In West Dallas, Bulldozers Clear the Way for New Homes and New Residents

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Alexa Schirtzinger
Claudia Hernández didn't know the house across the street from her home would become bulldozer fodder until a few minutes before it happened Saturday afternoon.

"We saw people looking at the property [over the past few weeks]," Hernández said. "But we had no idea they'd do this!"

Not that she's upset. For years, the eyesore of a duplex at the corner of Pueblo and Puget Streets in West Dallas has been a problem for neighbors and police alike. Hernández, whose family has lived in the neighborhood for 15 years, said there were robberies and sometimes arson. Eddie Washington, 57, another neighbor who's lived here most of his life, said the property started as a "bootlegging, gaming shack" before turning into a drug den. As the house comes down, the bulldozer's teeth make it look as flimsy as cardboard, and Hernández smiles.

"Now the kids have a safe place to play," she said, hugging her young son. "They can take the bus to school, and I won't have to worry."

The ceremonial wrecking of the old duplexes -- and we have a slide show here, as well as video after the jump -- marked what many West Dallas residents hope will be the end of an era of crime, instability and neglect. But the event focused less on the houses -- or, for that matter, the neighbors -- and instead highlighted the bigger forces behind redeveloping West Dallas: the nonprofits, the foundations, the city and the mayor.

"In West Dallas, we have so much potential," Mayor Leppert said to a crowd watching attentively from an empty lot behind the houses. "We are very interested in rebuilding and revitalizing [West Dallas]," he added. "This investment is going to spur more."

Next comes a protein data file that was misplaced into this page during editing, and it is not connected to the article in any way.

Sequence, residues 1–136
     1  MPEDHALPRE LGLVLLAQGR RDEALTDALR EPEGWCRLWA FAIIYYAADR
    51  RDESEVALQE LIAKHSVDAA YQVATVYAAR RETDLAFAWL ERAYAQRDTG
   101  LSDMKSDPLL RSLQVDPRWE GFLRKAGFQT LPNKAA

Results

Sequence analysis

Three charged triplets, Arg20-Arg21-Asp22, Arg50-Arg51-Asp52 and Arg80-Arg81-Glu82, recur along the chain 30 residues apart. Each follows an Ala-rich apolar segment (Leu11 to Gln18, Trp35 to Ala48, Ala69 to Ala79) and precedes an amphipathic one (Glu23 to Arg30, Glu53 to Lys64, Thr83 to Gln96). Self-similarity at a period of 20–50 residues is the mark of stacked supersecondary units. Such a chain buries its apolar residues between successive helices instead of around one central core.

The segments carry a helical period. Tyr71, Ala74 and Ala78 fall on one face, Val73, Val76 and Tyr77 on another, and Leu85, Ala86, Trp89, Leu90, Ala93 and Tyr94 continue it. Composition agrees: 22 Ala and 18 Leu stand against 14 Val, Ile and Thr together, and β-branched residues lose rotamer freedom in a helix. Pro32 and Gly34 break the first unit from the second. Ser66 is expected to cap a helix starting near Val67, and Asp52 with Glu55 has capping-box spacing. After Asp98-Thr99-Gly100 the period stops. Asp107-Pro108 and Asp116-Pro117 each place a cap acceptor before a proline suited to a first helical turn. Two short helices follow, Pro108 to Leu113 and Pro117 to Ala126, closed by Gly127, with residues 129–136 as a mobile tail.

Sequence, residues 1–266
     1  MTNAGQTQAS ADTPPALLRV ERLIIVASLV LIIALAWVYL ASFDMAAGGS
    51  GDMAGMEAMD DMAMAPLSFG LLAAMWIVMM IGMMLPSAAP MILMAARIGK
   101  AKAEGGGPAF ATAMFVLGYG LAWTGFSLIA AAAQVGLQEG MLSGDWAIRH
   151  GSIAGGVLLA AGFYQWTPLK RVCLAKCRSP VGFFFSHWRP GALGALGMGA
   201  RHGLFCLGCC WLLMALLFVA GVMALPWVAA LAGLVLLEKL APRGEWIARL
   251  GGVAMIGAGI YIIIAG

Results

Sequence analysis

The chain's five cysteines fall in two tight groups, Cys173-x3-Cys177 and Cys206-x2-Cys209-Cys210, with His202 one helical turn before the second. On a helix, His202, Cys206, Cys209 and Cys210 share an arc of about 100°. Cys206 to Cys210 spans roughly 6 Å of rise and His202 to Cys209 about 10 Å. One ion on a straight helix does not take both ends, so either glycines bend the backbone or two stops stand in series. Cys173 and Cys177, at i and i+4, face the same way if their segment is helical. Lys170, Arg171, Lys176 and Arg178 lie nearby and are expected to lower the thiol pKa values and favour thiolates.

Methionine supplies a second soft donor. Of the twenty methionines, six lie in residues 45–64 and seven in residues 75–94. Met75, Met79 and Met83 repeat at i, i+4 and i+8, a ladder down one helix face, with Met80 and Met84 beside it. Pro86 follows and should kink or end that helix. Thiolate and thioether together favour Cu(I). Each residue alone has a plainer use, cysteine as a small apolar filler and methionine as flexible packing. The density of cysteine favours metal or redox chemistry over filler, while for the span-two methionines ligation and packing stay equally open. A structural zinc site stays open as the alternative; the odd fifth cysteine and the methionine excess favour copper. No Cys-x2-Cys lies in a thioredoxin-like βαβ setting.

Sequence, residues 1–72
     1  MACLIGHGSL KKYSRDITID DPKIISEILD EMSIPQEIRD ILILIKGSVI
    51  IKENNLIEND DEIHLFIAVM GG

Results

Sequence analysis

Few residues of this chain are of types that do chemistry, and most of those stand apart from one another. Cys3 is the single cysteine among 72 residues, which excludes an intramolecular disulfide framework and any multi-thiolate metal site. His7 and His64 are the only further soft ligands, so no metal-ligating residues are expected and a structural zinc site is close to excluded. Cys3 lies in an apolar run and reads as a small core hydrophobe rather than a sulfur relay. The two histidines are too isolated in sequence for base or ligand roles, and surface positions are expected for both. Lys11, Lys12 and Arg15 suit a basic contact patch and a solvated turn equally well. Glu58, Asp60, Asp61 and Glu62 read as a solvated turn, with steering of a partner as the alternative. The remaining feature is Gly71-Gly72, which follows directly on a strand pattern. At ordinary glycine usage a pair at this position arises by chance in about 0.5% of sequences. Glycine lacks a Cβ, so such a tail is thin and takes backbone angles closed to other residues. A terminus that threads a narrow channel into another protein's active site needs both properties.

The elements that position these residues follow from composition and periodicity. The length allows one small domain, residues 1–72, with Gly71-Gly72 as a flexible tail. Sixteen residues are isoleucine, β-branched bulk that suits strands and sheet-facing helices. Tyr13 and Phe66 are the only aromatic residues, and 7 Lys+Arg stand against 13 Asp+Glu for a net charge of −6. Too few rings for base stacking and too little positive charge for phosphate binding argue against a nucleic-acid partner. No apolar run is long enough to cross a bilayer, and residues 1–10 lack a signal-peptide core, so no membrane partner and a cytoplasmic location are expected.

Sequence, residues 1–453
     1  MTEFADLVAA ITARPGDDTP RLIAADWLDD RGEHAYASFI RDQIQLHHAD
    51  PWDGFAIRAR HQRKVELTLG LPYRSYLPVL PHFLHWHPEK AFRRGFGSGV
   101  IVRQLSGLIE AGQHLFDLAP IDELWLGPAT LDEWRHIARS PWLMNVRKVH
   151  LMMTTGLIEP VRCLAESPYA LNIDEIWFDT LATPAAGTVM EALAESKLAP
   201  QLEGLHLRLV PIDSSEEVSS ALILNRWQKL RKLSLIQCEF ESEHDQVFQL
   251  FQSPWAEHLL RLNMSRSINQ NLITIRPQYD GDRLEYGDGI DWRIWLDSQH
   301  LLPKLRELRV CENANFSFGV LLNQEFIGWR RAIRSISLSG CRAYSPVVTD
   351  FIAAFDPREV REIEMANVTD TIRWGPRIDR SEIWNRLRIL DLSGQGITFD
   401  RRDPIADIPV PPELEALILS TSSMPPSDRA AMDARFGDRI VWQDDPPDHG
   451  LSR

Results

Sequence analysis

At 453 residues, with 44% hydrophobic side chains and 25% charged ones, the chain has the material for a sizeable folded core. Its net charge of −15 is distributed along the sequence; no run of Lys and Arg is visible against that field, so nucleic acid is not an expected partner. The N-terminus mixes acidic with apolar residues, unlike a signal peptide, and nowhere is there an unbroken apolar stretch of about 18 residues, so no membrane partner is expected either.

Leppert lauded the nonprofits involved -- Habitat for Humanity, Builders of Hope, the Rees-Jones Foundation and the Dallas Faith Communities Coalition -- for working together, calling them "organizations that have their heart in exactly the right place. He passed the mike to T. Hardie of the Rees-Jones Foundation, which is providing the money behind a comprehensive grant for Habitat and Builders of Hope to purchase, clear and rebuild 42 properties in West Dallas.

"We have had our challenges with respect to these properties," said Deputy Chief Rick Watson of the Dallas Police Department, who spoke after Hardie. "But we won! Like the mayor said," Watson went on, "Long time comin'!"

People cheered; the excitement was palpable. The bulldozer waited under a tree like a sleeping dragon. Watson passed the mike to Phil Wise of the Dallas Faith Communities Coalition, who made an ambitious promise: "We will be building 300 new and renovated homes in West Dallas over the next four years," Wise said to fervent applause. (Regina Nippert, the DFCC's executive director, later explained that that number includes homes that have yet to be purchased, plus some subsidies, and that DFCC's role is as a facilitator; the actual building will be done by Habitat and Builders of Hope.)

Next came District 6 Council Member Steve Salazar, who mentioned weatherizing programs for the new homes as part of the federal stimulus package. After a closing prayer by Begin, the crowd was quiet, and the bulldozer growled to life.

While the demolition proved a popular event, Builders of Hope president Norman Henry found time to catch up with Unfair Park. What would replace the old duplexes and empty lots, Henry said, would be 42 brand-new, affordable single-family homes that Henry says will encourage families to move in and discourage crime.

"West Dallas is really on the move," Henry said. "Families have hope." But while he recognizes that building new homes (and demolishing problematic old ones) is a good thing, he's not oblivious to the challenges. "We can't change a community without changing the people in a community," Henry said. "There's an underground economy providing jobs; we have to bring everything above ground."

To do so, Builders of Hope employs young men from West Dallas who have recently been released from the criminal justice system; as we speak, they're directing the bulldozer and moving rubble. "Young men -- Hispanic and black -- are left out in a big way," Henry explains. "We try to get the hard to reach."

Meanwhile, the old building was falling; soon, it would be little more than a pile of trash and a rising cloud of dust.

"I wish I could drive that truck!" said Marsha Foulks, the West Dallas community prosecutor, who was watching the demolition with her daughter. "New houses here and there, lot by lot? That's going to make a difference.

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